"Be useful on the internet"
👆 That's Ben Orenstein's advice for aspiring indie hackers.
Screenhero was beloved by the developer community, and it eventually got acquired by Slack in 2015.
A couple of years later it's pair programming features were killed.
With Screenhero gone, the Tuple team knew they could offer a similar product and serve the pent up demand.
And Ben had the ideal customers for Tuple - a large audience of software engineers.
The audience and the demand was the perfect combination that allowed the Tuple team to do more than $8,000 in sales immediately without even offering access to the full product.
And more than $20,000 in sales without even a pricing page.
That was pre-pandemic.
During the pandemic, as the entire world started working remotely, Tuple's revenue quadrupled.
They are now making millions in revenue.
This is the Tuple story👇
Tuple - The Product👨💻
Tuple is a low-latency pair programming software product.
It lets two developers share their screens with each other and write code in parallel.
Two people can code features together, hand off control to each other, and have a conversation on a parallel video call.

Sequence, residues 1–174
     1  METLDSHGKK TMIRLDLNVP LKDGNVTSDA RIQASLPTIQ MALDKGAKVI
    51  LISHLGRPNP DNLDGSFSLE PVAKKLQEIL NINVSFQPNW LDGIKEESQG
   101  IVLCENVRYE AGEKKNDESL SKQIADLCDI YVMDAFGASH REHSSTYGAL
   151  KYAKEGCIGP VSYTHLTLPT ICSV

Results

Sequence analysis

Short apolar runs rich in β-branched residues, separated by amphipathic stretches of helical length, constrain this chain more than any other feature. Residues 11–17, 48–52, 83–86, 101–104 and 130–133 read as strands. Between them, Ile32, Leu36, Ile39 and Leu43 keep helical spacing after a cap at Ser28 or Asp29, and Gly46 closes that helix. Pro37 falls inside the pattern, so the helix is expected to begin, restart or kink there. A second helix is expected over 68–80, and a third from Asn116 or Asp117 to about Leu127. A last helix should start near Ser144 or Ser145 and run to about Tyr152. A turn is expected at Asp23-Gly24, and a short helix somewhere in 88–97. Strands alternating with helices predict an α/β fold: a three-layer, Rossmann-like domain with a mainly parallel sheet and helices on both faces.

All while using less CPU power than it takes to run Chrome!
That's a tough technical problem to solve.
But the company's marketing strategy is what allows them to thrive.
Tuple is a niche product -
- Meant only for developers.
- Who have a Mac.
- And who aren't happy with generic solutions like Zoom or Slack video.
That's a very narrow niche to target.
And the founders knew it would work, because they were rebuilding a hero.
Rebuilding a Hero🦸♂️
Developers loved Screenhero.
Within the first 5 months of its launch, Screenhero was making $1M ARR.
They could have continued to run the company independently, but ultimately sold the company to Slack so it could reach more people.
Once it was bought, Slack killed Screenhero and merged it with its video conferencing features.
Ben knew there was a void in the market, and that he could build a profitable business there.
But he wasn't sure he could build the product.
And he wasn't sure how many people would pay for it.
He teamed up with co-founders Joel and Spencer to build the product.
Joel took the official title of COO and Spencer became the CTO.
Spencer's coding chops gave them all confidence that the product could be built.
But it would take a while to make it work well.
For 8 months Joel and Spencer built the first version of Tuple.
They had to build it, scrap it, and rebuild it a couple of times.
And even after several rebuilds it barely worked!
They launched the alpha to 12 teams and $8,000 in revenue.
The success of the launch was due to Ben having already cultivated an audience.
Power of an Audience👨👨👧👦
While Joel and Spencer were writing code, Ben was trying to sell the product.
Before starting Tuple, Ben had worked at thoughtbot, a product studio that helps clients design and develop their ideas into tech products.
As part of his job, Ben had worked on multiple SaaS apps.